Reviewing similar cases in the literature, one can identify a common pattern for shared and fused organs despite the variation in severity. Starting by the GIT, omphaloischiopagus twins invariably have separate upper GITs merging distally to fuse at the site of Meckel's diverticulum into common terminal ileum and colon.[1] [5] [8] [9] Here, we tried to distribute the common distal part of the GIT in a fair way giving similar chances for both twins[3]; this was feasible thanks to the reliable double blood supply for the common bowel from both twins. The distal colon and rectum were naturally selected for twin B being already located in his territory; this required to perform a single ileocolic anastomosis to restore continuity of the GIT in this twin. On the other hand, twin A kept the proximal colon and terminal ileum in continuity with his upper GIT (no anastomosis). Although twin B had the common rectum in his share, twin A kept the ileocecal valve which is important to slow the bowel transit and avoid chronic diarrhea.

The bony pelvic deformity is also characteristic in ventrally fused ischiopagus.[5] Each twin has anterior pubic diastasis (open pelvic ring like in exstrophy). Facing each other, each pelvis constitutes a hemicircle that are joined together by two cartilaginous joints between opposite pubic bones forming a wide closed ring representing a common pelvic cavity. When lying on their sides in resting position, one pubic fusion is anterior (upward), while the other is posterior. At the other end of the spectrum, a more overlapping pelvic bony fusion between both twins can be seen on the posterior side with hypodeveloped fused pelvic bones.[6] [7] [8] [9] [13] This is associated with concomitant hypodevelopment of lower extremities and urinary tract on the same side. The degree of hypodevelopment and overlapping fusion on the posterior side is proportionate to the number and development of lower limbs: ischiopagus with tetrapus, tripus, or bipus (four, three, or two lower limbs, respectively).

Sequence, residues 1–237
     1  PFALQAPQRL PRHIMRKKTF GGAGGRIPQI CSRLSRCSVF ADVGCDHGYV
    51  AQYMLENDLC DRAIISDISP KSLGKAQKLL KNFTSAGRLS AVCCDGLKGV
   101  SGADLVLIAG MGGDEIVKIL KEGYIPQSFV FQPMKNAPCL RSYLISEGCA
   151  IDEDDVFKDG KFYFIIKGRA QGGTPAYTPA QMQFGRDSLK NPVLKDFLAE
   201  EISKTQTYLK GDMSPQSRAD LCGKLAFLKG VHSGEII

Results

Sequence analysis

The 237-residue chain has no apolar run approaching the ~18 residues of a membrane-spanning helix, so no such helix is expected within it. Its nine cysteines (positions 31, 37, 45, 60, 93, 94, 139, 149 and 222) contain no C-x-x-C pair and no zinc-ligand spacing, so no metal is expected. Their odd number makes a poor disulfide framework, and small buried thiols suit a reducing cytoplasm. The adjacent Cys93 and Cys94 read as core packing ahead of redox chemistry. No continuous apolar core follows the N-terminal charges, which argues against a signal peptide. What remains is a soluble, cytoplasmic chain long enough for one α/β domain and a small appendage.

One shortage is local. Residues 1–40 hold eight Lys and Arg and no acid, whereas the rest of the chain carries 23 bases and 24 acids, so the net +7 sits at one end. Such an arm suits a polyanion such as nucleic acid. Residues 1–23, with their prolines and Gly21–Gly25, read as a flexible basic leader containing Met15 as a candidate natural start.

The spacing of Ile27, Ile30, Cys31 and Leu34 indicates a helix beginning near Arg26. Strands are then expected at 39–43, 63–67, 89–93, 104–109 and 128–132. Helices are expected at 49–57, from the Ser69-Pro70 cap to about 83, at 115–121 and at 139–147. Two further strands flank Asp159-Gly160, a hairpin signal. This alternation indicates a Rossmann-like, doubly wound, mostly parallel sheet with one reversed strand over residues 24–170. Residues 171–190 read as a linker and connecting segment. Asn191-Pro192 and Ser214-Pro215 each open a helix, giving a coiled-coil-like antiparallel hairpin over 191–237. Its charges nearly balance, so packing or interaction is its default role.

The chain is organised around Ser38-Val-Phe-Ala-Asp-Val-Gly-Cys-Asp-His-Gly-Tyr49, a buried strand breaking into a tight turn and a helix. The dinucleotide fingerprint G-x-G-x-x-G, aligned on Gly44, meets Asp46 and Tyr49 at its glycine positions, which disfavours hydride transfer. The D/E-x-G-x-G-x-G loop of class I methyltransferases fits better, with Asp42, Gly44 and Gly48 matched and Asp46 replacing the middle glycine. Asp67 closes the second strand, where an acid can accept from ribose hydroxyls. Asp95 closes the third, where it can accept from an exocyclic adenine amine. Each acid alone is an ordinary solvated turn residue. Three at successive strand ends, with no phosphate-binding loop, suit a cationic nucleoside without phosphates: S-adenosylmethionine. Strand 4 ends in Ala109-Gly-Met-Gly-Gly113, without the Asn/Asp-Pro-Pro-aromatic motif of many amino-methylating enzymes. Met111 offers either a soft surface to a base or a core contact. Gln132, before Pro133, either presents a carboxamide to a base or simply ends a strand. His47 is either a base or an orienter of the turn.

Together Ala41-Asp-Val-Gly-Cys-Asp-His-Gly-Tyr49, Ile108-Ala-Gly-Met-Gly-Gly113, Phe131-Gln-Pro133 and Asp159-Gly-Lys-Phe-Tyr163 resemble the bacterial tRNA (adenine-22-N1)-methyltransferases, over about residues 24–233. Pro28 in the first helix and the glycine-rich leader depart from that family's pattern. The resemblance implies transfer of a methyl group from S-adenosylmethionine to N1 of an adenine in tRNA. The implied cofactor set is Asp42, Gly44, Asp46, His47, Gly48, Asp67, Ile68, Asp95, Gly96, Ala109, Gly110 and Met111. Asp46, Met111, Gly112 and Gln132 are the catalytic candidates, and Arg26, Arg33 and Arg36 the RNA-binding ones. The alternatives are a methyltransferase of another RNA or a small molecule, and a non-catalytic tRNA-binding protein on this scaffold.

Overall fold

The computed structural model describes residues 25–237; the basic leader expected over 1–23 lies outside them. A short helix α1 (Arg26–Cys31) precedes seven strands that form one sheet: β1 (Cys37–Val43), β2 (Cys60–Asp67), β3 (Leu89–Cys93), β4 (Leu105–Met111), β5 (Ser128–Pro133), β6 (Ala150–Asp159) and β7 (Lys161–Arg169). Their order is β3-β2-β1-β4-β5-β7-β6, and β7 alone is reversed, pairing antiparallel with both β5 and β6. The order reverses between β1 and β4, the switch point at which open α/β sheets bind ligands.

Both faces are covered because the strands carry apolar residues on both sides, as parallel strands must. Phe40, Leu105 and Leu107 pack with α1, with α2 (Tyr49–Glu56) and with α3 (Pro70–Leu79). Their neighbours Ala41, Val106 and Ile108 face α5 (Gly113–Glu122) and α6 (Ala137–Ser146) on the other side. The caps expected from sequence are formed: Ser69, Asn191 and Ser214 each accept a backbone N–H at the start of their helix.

The lower urinary tract usually consists of two urinary bladders arranged in the middle zone of the common pelvic cavity.[5] Each bladder receives one ureter from opposite kidneys in each twin. Both urinary bladders may have separate[5] or drain into a common urethra. In our case, the twins had a single urethra and a single central phallus. This common phallus had a peculiar configuration with four crura anchoring ischial bones of both twins together. The penis was centrally located in the perineum in between both twins with an open urethral plate. The latter may be considered either hypospadiac from the side of twin B or epispadiac from the other side. At operation, we confirmed the epispadiac deformity for the following reasons: the median raphe of penile skin was opposite to the urethral plate, the bulb of the corpus spongiosum was dissociated from the urethra and deviated toward twin A, and, lastly, epispadias is a more suitable association with the diastasis deformity of the bony pelvis.